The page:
When Michael Campbell was an up and coming teenage golfer, one of his many outstanding achievements was winning the New Zealand Māori Golf National Tournament at just 19 years of age.
Last week, Rotorua's James Tauariki replicated that achievement, taking top honours at the tournament. The difference? James is only 16.
The Rotorua Boys' High School student is no stranger to making headlines. In October he scored a remarkable 13 under par 57 on his home course at the Springfield Golf Club, which may be the lowest numerical score ever recorded on a New Zealand course.
Modest as ever, James said his latest achievement was "pretty cool".
"It was pretty exciting. I played in the tournament last year and won the second division. It was exciting to win the top division this year.
"I felt like I was playing alright in the qualifying, not my best but it was enough."
The 82nd edition of the tournament was hosted by the Taupō Golf Club. Players took part in qualifiers on Monday and Tuesday before competing in matchplay for the next three days.
In the final, on Friday, James beat one of his mentors, Kawerau's Marcus Lloyd, in the final.
"I think I played pretty well in the final. Marcus was a good challenge, he's just a real solid golfer. I beat him six up with five holes to go."
He said the Māori tournament win was his best to date, but a bit of a surprise considering he had not done a lot of practise recently.
James also competes in rodeo - he went straight from the tournament on Friday to the Whangarei Rodeo. Being the middle of the rodeo season, he has not had as much time for golf of late.
"It's rodeo mode at the moment. That's not going as good as the golf, but it's good fun. It's good to get away from the golf for a bit and have a bit of a break. That's why I didn't expect much at the Māori tournament - I haven't been practising at all so it was a surprise."
He said being a Māori tournament made it more special to win.
"It's one I've always wanted to win. It's my favourite tournament, the environment is pretty chill. It's really social, but it's competitive as well. It's a pretty nice course, pretty similar to the ones in Rotorua."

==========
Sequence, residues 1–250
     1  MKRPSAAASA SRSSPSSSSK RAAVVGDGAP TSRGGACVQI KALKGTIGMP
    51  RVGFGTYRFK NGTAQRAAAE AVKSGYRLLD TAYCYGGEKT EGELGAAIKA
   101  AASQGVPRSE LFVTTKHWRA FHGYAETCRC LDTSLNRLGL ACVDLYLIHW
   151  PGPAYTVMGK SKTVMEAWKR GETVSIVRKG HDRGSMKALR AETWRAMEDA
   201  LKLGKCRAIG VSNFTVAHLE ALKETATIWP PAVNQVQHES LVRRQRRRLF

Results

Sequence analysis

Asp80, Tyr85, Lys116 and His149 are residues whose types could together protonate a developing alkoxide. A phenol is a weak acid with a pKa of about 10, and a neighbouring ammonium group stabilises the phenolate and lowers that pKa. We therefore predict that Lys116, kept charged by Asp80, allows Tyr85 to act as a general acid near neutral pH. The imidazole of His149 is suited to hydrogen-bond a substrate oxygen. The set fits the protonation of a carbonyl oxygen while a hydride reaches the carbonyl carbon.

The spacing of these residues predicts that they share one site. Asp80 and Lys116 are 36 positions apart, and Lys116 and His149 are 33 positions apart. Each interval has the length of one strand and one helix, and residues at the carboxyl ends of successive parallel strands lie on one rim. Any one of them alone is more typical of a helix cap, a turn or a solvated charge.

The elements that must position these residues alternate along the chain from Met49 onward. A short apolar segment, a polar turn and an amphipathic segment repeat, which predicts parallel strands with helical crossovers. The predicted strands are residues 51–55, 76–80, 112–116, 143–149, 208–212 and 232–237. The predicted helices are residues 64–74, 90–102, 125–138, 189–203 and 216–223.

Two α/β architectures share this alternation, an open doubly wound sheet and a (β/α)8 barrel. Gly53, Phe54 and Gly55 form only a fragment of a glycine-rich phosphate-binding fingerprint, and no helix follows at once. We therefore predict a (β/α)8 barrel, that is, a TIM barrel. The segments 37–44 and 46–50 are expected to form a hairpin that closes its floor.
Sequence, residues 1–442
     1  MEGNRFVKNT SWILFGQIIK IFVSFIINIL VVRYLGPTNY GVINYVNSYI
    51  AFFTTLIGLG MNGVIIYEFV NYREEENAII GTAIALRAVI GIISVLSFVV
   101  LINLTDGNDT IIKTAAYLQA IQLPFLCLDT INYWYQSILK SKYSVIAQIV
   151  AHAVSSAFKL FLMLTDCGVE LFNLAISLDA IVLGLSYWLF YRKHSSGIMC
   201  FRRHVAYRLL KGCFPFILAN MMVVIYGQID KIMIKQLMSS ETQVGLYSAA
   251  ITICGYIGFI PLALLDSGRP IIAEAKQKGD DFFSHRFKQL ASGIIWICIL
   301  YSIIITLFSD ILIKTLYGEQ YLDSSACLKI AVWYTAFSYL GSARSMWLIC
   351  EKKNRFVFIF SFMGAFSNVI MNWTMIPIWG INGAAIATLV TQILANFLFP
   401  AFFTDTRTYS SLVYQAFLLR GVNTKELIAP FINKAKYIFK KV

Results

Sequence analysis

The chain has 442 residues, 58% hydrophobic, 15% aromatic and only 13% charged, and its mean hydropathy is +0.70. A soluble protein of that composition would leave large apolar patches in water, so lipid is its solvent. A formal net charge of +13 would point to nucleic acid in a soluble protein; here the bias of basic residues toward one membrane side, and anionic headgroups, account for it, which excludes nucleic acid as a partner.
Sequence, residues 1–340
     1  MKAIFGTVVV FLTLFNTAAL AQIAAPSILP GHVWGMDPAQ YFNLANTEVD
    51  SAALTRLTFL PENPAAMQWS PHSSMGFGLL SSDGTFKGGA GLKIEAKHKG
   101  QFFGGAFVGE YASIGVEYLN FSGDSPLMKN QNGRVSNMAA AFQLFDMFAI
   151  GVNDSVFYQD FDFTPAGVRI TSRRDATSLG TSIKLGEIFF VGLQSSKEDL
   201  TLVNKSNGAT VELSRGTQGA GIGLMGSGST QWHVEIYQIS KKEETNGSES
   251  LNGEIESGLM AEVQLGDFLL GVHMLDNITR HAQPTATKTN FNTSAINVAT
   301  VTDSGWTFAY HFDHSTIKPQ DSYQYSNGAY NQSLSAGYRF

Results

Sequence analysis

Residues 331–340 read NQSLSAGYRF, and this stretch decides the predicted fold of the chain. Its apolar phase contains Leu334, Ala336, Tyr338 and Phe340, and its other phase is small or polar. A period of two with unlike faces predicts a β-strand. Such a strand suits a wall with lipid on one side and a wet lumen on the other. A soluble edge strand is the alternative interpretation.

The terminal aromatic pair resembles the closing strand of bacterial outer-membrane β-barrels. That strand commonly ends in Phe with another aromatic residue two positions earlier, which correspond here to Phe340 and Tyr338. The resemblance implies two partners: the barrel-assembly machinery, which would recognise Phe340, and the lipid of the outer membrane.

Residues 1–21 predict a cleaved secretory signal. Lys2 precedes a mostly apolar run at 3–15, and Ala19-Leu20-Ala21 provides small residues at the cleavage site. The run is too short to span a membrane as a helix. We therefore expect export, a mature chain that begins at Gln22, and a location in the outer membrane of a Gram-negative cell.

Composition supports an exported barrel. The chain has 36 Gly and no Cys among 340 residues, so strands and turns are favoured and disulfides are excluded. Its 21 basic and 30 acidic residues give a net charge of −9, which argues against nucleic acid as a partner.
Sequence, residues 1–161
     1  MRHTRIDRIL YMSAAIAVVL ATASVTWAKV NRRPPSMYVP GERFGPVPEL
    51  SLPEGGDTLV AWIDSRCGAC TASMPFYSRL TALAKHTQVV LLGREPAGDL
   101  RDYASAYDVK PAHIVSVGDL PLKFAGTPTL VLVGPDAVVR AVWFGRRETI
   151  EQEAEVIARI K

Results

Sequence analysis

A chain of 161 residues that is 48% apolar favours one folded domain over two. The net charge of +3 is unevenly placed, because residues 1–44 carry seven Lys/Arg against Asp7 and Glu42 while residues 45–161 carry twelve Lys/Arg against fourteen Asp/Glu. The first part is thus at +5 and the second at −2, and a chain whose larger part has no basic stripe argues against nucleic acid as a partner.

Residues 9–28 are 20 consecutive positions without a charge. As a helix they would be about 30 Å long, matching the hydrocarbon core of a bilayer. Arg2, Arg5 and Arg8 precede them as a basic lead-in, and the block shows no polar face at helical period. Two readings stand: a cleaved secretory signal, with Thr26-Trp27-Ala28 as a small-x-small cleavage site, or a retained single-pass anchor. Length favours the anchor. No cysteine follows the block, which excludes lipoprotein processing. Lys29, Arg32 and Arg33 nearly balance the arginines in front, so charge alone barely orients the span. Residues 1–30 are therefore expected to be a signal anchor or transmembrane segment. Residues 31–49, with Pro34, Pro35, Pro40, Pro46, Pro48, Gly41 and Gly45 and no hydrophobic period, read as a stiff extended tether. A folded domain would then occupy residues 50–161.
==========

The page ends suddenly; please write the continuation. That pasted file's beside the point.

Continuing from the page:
New Zealand Māori Golf Association vice president Crete Wana spoke glowingly of James' performance.
"His golf this week was outstanding. Right throughout the week we had people following him and jaws dropping. It's pretty amazing the way he played - I picked him to win it three months ago and he stepped up. When he shot that 57 at Springfield a few months ago, that's just incredible."
Wana was just as impressed by James' maturity as his golfing ability.
"For a guy who's only 16 to go out there and play that sort of golf, under that sort of pressure, is fantastic. To play one of his mentors and beat him six and five, that's champion material without a doubt.
"He shows wisdom and he doesn't let anything faze him and he's very respectful. He comes across confident, he's not cocky, he's not arrogant, but he's respectful and goes about his game like no other kid that I've ever seen.
"Probably the only other fella I've seen like that was Danny Lee. They're out of the same club too, so they're obviously doing something right. He's on the same path as other champions like Danny Lee, Michael Campbell and Phil Tataurangi at almost the same age.
"There's so many superlatives you can say about the kid, but I think he's the real deal."
Wana said the tournament as a whole was "fantastic".
"We had 67 rangatahi, kids under 19, excluding the guys we had in the championship, which was about 10. So, we had more than 70 under-19s playing in the tournament - the most we've ever had and the largest group we had. There were more than 200 players overall.
"It's good for the future of Māori golf, but for golf in general as well. The last 10 years there has been a decline in golf, but now we're starting to see a resurgence which is what we need."
He said there was a high standard of golf throughout all the divisions.
"We had some good top class players in the championship division, the top 16 were fantastic. Of those there were five under-20 years old, three of which came out of the Geyserland Junior Golf system."
The association's focus now turns to the 83rd edition of the tournament in 2020. They have a 10 year deal with the Taupō Golf Club which has four years left to run.